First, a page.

So what have been the biggest events? What has had the biggest effect on Golden State's play this year? Let's take a look.
Criteria for Ranking
- Impact the development had on the Warriors' success or failure.
- Potential impact the development will have on the Warriors for the rest of the season.
- How surprising or predictable the development was. (More surprising developments generally received higher rankings.)
Free Throws Are an Issue
The Warriors were fourth in the NBA in free-throw percentage in 2012-13, but they've fallen to 24th this season. They also struggle to get to the line, attempting just 22 free throws per game, 19th in the league.
Just why have they been quite so bad? Klay Thompson is shooting .765 from the line after an .841 performance last year, and Harrison Barnes has fallen off even more (.758 to .684).
Like the Warriors' turnover problem, this is an easily correctable problem: more practice! As Kawhi Leonard can attest, missed free throws often make the difference in close games. Will free-throw troubles come back to bite the Warriors?
Jermaine O’Neal’s Injury
For a team that already had questionable depth (more on that later), the loss of O'Neal for much of the season was a big blow.
Without a solid backup option for center Andrew Bogut, the Warriors need O'Neal's return more than ever. Per rotoworld.com, O'Neal had his cast removed on Thursday, and he promises to return this year.
For now, the Warriors can only hope Bogut will stay healthy, which, as history has shown, isn't the safest bet.
10. Harrison Barnes and Draymond Green Proving to Be Viable Options Off the Bench
The rest of the bench hasn’t been of much help, but we’ll get to that later.
Warriors fans have to remember that Barnes isn't a finished product yet. In fact, he's far from it. The Warriors saw his vast potential when they selected him seventh overall in the 2012 NBA draft, and he has taken large strides to fulfill that potential, with generally improved numbers across the board this year.
Barnes' scoring, assists, three-point percentage and steals have all increased this year, and he filled in respectably well for Andre Iguodala during the latter's 12-game absence. Now that he is back to his sixth-man role, the Warriors need him to step up more than ever, as the rest of their bench certainly doesn't seem up to the task.
An exception to that is Draymond Green, who has been fantastic defensively, despite lacking a scorer's touch off the bench this year.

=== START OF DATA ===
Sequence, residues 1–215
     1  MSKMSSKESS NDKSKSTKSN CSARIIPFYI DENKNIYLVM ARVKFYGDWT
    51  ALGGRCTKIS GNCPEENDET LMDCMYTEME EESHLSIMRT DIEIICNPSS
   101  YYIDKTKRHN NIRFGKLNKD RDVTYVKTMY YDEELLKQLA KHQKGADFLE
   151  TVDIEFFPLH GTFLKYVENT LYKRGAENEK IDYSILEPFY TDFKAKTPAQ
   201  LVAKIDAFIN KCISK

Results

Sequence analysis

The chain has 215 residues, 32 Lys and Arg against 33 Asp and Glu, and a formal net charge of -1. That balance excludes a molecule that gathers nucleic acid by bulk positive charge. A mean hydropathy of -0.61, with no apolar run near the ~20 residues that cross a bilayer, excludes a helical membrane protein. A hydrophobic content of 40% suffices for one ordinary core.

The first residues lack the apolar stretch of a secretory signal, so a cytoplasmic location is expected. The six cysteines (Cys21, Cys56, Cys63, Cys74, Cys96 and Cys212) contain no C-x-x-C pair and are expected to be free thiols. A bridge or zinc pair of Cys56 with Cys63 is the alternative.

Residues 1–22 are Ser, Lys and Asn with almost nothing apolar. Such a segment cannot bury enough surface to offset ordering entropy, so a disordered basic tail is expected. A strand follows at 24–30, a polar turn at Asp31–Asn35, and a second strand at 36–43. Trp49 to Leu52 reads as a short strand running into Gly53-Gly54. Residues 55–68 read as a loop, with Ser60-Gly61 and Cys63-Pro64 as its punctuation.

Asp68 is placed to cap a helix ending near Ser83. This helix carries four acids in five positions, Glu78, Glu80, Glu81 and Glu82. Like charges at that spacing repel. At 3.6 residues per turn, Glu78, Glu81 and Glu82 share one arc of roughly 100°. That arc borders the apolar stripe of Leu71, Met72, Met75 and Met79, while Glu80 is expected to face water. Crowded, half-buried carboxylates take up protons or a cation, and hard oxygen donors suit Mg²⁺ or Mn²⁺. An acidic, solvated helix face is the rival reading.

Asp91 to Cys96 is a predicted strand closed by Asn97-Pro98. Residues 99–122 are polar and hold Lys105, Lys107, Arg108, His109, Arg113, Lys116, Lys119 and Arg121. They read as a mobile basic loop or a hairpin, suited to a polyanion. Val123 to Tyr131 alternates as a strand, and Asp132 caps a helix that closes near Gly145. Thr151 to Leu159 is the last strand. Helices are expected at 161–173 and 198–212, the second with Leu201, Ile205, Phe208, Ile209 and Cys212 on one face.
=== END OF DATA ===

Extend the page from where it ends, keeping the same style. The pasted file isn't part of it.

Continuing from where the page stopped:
His most important contributions, however, have come defensively. He averages a steady 4.4 rebounds in 19.9 minutes per game, and he recorded four key blocks against the Cleveland Cavaliers on Sunday after a three-block performance against the Denver Nuggets on Dec. 23.
Like Barnes, the Warriors need Green to carry much of the load coming off the bench, because the rest of the reserves can't seem to get the job done.
9. Andrew Bogut Avoiding Injury
It's somewhat ironic that the Warriors' most significant injury this year (Iguodala's strained hamstring) would happen to one of their more historically durable players.
After all, it seems that Andrew Bogut is the one who constantly finds himself sidelined for large portions of each season. Bogut, who hasn't played 70 games in a season since 2007-08, has started 31 of Golden State's 32 games after playing 32 games all of last season—and the one missed start was due to a suspension.
He has responded by ranking ninth in the NBA in rebounds per game and 12th in field-goal percentage. His continued healthy play is of the utmost importance for the Warriors going forward.
Of course, that could be said about all five of their starters.
8. Struggles Against Western Conference’s Top Teams
The Warriors have had a tough time against the best teams in the West, much of which can be attributed to Iguodala's absence.
While Iggy was out due to injury, the Warriors went 5-7. Of those seven losses, six were to teams currently in playoff positions in the West. Since Iggy's return, however, the Dubs beat the Los Angeles Clippers and manhandled the Phoenix Suns.
That's too small of a sample size to tell just how good the Warriors can play against the Western Conference's top teams. But they'll have plenty of opportunity to prove themselves throughout the remainder of the season, and they should have a healthy Iguodala along for the ride.
7. David Lee Becoming an Elite Power Forward?
Is David Lee really elite?
According to Yahoo! Sports, Lee is ninth among big men in points per game. His rebounding total puts him at 11th.
A couple parts of Lee's game leave something to be desired, however. Again looking at his rank among big men, Lee is ninth in turnovers per game. (That seems to be a common theme for the Warriors.)
Lee's defense, which has been much maligned, is also a bit of an issue. He averages 0.3 blocks per game, which indicates he isn't much of an inside presence, at least when it comes to stopping drives.
It's been another great year for Lee, who is undeniably becoming one of the game's best power forwards.
6. Surprisingly Solid Defense